The “my first” collection by Rainbow Designs is incredibly popular as are the classic plush ranges by GUND and the wooden toy collection by Orange Tree Toys. We also have incredibly successful partnerships with retailers in the US such as Pottery Barn.

In Japan (our biggest territory), the brand is very adult- focused with consumer promotions, ceramics and clothing the most popular categories . We’d love to see the brand on more trend focused product for adults following the launch of our ceramics collections with Stow Green and our clothing range with Uniqlo. 

We also want to look for exciting new direct-to-retail partnerships worldwide.  Silvergate’s collaboration with Baby Gap has set the benchmark for that.

What do you look for in a licensing partner and how do you pick your licensees?

We have always wanted to maintain the integrity of the brand so we always look for best- in- class licensing partners who can create beautiful products that tell a story.

What are the main challenges with managing the Beatrix Potter brand?

As with any heritage property that has become a global proposition it's about continuing to keep the brand fresh, relevant and resonating with contemporary audiences while not losing those core brand values.

Given the scope of her life and work there's always a story to tell in a new and interesting way. What's so apparent in digging into Beatrix Potter's life and work for this anniversary is just how many of the challenges she faced as a woman are still so relevant today - it very much feels as if she was a woman ahead of her time.

What is the secret to maintaining the success of Beatrix Potter and its heritage?

To always remain relevant. Along with Silvergate we have worked hard to ensure creatively her vision and the look and feel of her legacy in a licensing context are fresh and contemporary.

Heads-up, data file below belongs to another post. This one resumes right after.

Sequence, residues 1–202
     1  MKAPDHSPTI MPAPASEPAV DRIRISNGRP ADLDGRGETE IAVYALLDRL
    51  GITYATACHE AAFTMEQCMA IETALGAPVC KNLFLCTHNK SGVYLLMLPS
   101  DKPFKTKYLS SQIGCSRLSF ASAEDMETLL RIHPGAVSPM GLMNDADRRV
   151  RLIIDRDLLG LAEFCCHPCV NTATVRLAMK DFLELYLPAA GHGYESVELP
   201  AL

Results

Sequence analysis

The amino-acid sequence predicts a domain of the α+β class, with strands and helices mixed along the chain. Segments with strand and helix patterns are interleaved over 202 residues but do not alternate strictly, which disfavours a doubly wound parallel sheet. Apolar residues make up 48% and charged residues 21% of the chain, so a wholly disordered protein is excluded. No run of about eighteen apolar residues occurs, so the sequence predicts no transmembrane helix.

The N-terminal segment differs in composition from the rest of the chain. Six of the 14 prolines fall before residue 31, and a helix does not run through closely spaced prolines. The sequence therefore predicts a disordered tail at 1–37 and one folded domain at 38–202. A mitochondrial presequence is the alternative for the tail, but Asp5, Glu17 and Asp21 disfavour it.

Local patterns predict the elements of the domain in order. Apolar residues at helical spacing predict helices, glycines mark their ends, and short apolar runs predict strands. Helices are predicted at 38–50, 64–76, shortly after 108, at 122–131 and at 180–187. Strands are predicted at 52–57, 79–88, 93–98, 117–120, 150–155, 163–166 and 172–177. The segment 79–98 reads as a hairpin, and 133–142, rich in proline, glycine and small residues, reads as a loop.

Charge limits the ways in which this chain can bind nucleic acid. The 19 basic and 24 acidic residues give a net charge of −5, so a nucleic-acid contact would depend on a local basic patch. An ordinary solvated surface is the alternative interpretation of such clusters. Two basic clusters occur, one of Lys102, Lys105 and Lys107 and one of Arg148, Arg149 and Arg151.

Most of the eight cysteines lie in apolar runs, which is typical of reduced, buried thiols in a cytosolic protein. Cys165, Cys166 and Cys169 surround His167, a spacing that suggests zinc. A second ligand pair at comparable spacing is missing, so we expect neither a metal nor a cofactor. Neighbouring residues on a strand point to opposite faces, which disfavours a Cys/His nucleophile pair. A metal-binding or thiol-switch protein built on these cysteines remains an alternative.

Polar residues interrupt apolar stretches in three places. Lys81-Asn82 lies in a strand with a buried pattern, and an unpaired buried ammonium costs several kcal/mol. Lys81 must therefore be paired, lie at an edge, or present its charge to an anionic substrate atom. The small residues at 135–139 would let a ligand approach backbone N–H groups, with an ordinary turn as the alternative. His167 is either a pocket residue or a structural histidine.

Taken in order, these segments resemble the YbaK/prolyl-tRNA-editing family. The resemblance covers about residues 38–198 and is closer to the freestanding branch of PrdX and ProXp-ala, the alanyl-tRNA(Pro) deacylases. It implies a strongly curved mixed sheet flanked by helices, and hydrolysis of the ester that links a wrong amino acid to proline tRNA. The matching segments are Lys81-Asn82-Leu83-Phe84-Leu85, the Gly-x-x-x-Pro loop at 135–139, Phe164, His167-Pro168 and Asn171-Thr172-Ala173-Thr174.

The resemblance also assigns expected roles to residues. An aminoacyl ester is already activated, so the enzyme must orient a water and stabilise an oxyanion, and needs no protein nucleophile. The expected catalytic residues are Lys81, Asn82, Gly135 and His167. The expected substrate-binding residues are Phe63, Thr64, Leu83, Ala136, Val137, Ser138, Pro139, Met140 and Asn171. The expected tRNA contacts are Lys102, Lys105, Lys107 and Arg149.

How different is your approach to the Beatrix Potter property compared to other brands in your portfolio?

From a Silvergate perspective…We want to make sure that the Beatrix Potter portfolio appeals to new parents as well as grandparents whilst staying true to it’s origins.

As the images Beatrix created are so iconic we have been able to create several very different style guides that capture the essence of the brand but appeal to a wide variety of retailers and consumers.  

What has changed the most about the licensing industry over Beatrix Potter’s history and how has this impacted the brand?

In some respects very little. She certainly knew her way around a licensing deal (she was a tough negotiator) and did all of her own product development.

She was very knowledgable about the companies she worked with and the manufacturers who made products using her characters. Media driven brands as we know them dominate now of course and Beatrix certainly had her opportunity to be part of that, although famously she turned down Disney adapting Peter Rabbit into an animation.

What’s next for the Beatrix Potter property?

Peter Rabbit is still hugely central to the Beatrix brand and her legacy, but her other works - including her flora and fauna studies are increasingly popular and are certainly used in product design. 

Throughout 2016 we will be making a series of exciting announcements around publishing, new products and partnerships, which we look forward to sharing with you in due course. 

However, Beatrix herself will remain the focus throughout all of our plans next year, this is a chance to let her shine and be recognised for the amazing woman - ahead of her time - that she truly was.